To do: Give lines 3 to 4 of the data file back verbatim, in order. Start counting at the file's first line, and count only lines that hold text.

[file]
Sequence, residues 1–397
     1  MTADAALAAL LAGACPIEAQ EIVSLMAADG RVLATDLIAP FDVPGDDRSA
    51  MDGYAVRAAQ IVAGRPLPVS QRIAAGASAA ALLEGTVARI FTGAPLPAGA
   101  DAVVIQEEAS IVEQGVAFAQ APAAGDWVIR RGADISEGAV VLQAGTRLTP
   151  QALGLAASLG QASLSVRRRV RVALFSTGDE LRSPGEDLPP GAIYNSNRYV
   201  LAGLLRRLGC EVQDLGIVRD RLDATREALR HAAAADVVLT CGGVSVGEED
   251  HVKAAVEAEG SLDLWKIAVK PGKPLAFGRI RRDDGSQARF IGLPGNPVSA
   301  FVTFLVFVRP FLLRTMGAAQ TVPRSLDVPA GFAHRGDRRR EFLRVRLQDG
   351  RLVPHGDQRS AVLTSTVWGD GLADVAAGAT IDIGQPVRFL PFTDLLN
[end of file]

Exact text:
    51  MDGYAVRAAQ IVAGRPLPVS QRIAAGASAA ALLEGTVARI FTGAPLPAGA
   101  DAVVIQEEAS IVEQGVAFAQ APAAGDWVIR RGADISEGAV VLQAGTRLTP